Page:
– Find out who made the computer. If it’s not on the front then it may say that on back.
– If you can’t find who made it, use the free program Belarc from belarc.com. It creates an inventory and describes everything it can find on the machine.
– Use the info Belarc gives you and go to the specific company that made the video card and get the driver from them. Don’t use Google search or you may end up in “places you don’t want to go to”. <Search results may take you to shady places.>
– It was eventually determined that her computer is a Dell — it said Dell in the BIOS setup. Belarc will reveal the “asset tag” number <later he said “service tag”>, which you can then use when you go to support.dell.comto get further support.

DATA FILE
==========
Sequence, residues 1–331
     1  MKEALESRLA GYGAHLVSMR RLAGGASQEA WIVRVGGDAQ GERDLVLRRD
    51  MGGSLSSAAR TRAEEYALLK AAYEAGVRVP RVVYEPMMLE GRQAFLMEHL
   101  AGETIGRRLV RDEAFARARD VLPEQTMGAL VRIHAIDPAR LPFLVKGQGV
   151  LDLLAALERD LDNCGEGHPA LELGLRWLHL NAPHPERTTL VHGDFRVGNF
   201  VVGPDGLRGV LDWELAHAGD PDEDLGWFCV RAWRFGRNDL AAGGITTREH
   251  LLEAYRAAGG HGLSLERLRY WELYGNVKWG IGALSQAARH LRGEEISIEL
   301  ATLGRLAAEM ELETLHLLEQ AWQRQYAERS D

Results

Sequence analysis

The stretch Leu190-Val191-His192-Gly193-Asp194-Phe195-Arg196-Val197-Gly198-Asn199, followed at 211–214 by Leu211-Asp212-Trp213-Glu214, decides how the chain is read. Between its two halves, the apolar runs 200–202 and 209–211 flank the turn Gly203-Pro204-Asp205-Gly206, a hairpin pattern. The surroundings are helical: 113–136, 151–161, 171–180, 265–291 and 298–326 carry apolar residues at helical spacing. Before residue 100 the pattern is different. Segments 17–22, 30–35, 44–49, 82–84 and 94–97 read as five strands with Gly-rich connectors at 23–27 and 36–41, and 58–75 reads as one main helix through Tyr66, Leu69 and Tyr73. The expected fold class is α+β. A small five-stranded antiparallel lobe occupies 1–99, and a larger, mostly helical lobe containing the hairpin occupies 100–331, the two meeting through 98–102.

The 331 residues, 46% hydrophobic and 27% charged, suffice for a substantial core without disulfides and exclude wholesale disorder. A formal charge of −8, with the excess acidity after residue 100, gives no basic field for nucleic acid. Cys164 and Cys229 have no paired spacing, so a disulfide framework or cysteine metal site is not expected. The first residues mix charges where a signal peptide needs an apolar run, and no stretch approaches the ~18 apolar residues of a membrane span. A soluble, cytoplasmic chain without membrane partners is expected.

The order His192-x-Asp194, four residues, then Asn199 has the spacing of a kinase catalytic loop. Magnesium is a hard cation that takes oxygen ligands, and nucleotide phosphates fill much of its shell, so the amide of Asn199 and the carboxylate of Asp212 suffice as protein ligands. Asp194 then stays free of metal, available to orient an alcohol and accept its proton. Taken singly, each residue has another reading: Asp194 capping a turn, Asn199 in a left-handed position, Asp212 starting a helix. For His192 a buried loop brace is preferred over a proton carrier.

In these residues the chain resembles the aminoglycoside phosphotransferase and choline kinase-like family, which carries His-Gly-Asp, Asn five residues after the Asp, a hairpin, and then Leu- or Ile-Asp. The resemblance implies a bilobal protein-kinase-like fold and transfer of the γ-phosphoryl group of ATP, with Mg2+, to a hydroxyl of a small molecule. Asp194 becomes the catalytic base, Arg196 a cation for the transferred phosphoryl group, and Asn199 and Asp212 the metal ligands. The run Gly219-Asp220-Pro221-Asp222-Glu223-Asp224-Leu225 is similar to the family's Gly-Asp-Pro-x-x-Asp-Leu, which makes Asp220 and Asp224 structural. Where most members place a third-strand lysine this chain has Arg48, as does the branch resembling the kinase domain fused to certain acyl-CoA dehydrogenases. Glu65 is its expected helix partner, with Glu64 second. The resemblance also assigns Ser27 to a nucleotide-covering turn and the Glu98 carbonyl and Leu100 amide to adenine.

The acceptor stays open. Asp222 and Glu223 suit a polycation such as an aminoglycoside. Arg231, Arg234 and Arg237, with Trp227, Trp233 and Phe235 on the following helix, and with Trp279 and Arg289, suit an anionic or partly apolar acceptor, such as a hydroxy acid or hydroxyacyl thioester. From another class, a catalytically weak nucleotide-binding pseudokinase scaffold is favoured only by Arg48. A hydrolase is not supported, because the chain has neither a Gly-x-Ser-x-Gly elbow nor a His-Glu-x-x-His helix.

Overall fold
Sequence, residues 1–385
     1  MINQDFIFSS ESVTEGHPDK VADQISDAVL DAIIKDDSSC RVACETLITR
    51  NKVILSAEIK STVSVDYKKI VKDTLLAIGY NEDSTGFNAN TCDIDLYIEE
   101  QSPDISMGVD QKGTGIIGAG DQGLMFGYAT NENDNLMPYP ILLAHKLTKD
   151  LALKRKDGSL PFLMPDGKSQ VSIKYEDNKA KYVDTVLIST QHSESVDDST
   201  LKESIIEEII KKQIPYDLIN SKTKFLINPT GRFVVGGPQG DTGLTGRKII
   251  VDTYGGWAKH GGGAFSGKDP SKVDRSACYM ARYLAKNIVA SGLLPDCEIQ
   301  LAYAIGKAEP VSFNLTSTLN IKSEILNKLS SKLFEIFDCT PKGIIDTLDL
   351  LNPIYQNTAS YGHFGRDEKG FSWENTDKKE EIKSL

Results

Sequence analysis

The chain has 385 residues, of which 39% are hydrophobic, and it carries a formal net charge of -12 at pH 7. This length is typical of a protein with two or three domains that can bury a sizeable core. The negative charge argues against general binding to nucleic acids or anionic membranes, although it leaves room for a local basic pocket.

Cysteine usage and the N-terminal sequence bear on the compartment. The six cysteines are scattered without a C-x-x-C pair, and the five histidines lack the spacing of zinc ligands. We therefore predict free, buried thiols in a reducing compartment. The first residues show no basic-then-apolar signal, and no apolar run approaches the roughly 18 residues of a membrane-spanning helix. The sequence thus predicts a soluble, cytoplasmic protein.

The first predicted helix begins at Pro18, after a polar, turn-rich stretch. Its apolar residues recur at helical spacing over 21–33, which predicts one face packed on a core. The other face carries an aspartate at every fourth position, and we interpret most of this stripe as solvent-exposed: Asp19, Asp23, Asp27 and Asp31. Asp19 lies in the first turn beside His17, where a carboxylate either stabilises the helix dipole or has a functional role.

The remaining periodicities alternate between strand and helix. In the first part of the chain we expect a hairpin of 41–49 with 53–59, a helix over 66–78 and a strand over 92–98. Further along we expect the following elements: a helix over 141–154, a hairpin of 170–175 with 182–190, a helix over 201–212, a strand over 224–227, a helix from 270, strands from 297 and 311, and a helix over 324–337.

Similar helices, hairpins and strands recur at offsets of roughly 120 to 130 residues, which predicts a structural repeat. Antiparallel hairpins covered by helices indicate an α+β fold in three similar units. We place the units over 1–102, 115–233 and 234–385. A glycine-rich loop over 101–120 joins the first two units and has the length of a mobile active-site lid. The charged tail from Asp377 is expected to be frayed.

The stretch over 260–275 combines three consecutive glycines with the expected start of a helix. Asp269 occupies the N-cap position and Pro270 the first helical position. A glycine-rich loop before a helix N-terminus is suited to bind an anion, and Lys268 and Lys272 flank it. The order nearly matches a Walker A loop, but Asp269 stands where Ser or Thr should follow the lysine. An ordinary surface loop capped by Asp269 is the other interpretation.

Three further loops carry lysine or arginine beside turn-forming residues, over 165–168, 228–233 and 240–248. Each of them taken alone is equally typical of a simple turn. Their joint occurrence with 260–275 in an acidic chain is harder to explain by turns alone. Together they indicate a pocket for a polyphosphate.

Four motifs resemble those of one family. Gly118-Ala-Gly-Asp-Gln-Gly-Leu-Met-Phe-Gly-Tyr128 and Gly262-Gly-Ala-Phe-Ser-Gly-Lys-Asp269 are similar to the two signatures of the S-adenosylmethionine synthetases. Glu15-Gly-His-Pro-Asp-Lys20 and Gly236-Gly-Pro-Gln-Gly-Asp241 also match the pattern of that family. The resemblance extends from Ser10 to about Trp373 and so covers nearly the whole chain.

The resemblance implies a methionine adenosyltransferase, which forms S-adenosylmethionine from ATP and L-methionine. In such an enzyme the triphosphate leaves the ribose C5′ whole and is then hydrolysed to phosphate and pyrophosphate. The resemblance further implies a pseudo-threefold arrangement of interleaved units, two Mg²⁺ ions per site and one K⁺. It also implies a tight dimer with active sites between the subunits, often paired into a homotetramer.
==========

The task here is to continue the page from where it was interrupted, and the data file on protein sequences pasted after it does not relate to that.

– It may be easier just to buy a new computer.
– If you can’t find a “service tag” number, you might get help by calling Dell and giving them the serial number.
Gwen also said she had used a Fitbit. She said she had a “muscle sensing thing” and it completely destroyed her “energy field”.
One thing fitness trackers like Fitbit are good for is “nominal medicine”, Paul said. They track what’s happening when you’re normal. No two of us are alike and the Fitbit will determine readings are normal for you. <Baseline readings>.
The views and opinions expressed on KVMR are those of the speaker only and not necessarily those of KVMR, management, staff or underwriters.
Glenn mentioned what he thought were other differences between the Apple watch and Fitbit. He wondered if the Fitbit can answer phone calls, read and send messages. Jeff said the one his friend has can do email and text (txt) and things he wasn’t interested in — activity monitoring was the only desired feature.